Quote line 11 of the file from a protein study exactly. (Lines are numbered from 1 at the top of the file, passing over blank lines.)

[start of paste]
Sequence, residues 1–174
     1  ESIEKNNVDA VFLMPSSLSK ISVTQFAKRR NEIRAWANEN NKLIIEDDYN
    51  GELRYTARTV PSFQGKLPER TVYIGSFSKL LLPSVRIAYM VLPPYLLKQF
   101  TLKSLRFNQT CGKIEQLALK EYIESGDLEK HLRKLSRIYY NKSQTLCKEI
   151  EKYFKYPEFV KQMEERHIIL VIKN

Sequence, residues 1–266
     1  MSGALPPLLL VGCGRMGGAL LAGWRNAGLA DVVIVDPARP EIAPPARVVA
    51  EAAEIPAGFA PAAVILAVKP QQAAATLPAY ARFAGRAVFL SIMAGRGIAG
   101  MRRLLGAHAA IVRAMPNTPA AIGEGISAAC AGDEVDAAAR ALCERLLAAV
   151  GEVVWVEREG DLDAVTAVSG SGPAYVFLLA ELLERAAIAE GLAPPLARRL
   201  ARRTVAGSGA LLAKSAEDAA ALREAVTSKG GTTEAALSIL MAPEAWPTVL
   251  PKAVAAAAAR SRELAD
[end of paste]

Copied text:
   201  ARRTVAGSGA LLAKSAEDAA ALREAVTSKG GTTEAALSIL MAPEAWPTVL